Beautiful eloquence! I have a couple of memories that I wouldn't mind writing about, they're actually quite funny little stories if I just took the time to write them. In my current mood, though, they are much funner to tell than to write. When the mood is right I may get around to it, I'm just having too much fun living the lives of others for now.
Ah, I loved this!
Now you are aware, I'm sure, that I'm a Catholic - and a practicing one at that. I approached this story with some trepidation, fearing you might fall in line with many who write about being an altar boy and taking down the reputation of a priest somewhere along the line. (Not that those profligates do not exist, but when do we ever see something positive about the Catholic Church? I ask you.)
In any case, I was delighted to read this story, and in fact I guffawed mightily in anticipation of the dirty bowl to come.
You tell a great yarn, Ken.
It might surprise you to learn that I'm a huge fan of "Father Ted". We've just recently seen "The Priests" in concert on television and my Kevin said, "I can't possibly not think of Father Ted and "My Lovely Horse"!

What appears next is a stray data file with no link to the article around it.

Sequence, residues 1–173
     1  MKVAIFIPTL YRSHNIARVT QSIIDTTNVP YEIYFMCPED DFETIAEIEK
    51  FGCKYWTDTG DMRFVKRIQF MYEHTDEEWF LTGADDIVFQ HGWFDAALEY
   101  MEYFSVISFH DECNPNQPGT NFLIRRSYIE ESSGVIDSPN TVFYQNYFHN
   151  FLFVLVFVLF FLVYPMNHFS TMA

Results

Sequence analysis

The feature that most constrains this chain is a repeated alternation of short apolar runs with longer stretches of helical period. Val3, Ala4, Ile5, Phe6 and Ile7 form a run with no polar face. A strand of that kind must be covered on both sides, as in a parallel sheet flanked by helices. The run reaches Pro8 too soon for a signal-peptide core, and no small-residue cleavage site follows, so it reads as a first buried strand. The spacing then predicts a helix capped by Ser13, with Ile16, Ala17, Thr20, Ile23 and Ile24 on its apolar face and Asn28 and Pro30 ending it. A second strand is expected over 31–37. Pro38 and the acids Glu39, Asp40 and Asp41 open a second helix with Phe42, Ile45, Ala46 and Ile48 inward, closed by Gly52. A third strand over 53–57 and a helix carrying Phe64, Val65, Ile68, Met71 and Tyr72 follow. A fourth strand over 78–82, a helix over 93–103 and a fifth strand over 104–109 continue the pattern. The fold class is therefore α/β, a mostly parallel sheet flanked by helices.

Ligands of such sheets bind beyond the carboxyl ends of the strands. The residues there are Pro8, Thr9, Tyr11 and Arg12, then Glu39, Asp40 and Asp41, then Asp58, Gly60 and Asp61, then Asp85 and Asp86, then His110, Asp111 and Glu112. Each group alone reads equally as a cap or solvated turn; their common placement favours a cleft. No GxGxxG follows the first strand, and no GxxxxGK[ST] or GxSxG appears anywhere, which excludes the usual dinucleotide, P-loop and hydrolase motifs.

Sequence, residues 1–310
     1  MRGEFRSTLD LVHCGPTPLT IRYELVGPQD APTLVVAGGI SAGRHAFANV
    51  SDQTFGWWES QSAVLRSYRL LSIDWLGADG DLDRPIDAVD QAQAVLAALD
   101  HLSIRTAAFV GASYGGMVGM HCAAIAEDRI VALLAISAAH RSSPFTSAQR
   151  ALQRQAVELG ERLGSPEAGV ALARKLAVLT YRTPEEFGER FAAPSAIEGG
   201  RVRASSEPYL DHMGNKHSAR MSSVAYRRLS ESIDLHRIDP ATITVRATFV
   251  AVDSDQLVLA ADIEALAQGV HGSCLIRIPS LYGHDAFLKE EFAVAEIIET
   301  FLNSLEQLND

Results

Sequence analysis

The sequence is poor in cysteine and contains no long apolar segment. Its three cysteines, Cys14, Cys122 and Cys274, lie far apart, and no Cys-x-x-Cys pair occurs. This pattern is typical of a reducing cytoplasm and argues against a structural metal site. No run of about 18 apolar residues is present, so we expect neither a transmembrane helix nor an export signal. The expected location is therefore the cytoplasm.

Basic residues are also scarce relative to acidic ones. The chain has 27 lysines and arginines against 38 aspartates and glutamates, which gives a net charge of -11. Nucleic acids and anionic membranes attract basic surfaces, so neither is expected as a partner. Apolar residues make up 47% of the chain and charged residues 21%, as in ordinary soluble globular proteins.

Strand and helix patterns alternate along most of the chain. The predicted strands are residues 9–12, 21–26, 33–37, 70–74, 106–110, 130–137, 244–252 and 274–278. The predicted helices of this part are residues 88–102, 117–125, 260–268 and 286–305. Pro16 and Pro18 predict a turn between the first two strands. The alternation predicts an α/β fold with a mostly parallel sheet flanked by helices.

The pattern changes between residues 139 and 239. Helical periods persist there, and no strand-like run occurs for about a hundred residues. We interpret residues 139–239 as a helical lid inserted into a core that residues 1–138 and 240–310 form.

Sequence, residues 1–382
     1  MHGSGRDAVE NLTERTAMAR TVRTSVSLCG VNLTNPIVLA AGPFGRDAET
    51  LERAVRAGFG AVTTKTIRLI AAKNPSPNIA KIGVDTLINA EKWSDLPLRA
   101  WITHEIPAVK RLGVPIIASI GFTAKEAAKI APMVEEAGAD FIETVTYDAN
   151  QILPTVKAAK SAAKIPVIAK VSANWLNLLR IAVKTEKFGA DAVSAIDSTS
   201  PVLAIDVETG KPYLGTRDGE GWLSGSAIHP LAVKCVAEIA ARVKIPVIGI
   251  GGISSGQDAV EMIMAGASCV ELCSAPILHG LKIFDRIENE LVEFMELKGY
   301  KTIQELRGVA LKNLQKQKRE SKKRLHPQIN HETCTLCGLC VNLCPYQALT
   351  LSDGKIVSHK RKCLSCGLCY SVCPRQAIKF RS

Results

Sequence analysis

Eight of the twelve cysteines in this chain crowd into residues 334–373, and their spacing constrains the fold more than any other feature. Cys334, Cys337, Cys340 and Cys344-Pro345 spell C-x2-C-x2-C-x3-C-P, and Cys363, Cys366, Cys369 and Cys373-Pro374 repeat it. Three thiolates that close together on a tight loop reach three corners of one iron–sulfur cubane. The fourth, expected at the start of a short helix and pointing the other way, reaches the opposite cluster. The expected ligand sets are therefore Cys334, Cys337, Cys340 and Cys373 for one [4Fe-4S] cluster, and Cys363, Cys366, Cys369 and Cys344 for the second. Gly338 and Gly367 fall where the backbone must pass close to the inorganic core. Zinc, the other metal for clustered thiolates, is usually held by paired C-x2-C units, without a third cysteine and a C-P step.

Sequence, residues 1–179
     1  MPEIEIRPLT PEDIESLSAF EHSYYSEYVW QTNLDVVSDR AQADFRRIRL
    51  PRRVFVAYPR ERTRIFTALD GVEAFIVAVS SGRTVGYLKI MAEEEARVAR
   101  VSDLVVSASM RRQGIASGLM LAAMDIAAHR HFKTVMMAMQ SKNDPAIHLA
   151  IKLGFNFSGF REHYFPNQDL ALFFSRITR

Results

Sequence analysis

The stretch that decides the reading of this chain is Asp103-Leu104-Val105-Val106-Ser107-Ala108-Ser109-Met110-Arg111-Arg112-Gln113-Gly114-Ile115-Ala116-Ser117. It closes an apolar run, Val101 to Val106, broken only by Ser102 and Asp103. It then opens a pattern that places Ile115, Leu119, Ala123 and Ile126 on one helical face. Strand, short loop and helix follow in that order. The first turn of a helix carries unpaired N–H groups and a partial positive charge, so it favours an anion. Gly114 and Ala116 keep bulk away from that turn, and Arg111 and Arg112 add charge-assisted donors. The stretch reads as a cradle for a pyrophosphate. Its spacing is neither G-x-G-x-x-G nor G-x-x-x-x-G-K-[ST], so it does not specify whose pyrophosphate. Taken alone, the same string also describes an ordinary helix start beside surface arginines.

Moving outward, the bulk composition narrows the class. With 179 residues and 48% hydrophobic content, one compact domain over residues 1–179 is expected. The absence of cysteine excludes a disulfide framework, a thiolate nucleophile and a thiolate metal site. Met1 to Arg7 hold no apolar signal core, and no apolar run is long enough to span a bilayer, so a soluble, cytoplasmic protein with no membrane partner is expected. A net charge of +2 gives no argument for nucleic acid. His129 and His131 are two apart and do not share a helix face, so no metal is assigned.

P.S. With those eggs, I had visions of something along the lines of "Cool Hand Luke" coming into play.
That's so funny. At least the priest didn't hold his nose!
Funny. Nostalgic. I'm a former alter boy myself. Thanks for a great story.
Lol, I could very well imagine this scene. The priest must have thought you were trying to test his endurance..lol... I'm a catholic myself and during my younger days, I never missed any of these required rituals.
It was a must and a responsibility to attend ALL of them from the pre-advent prayers, to the fasting during Fridays (no meat too), to the stations of the cross, through the Holy week, seven last words, black Sabath ,to Easter Sunday.
In the Philippines, which is predominantly Catholic, some people have a yearly ritual in which they actually undergo crucifixion and flagellation as a penance for their sins.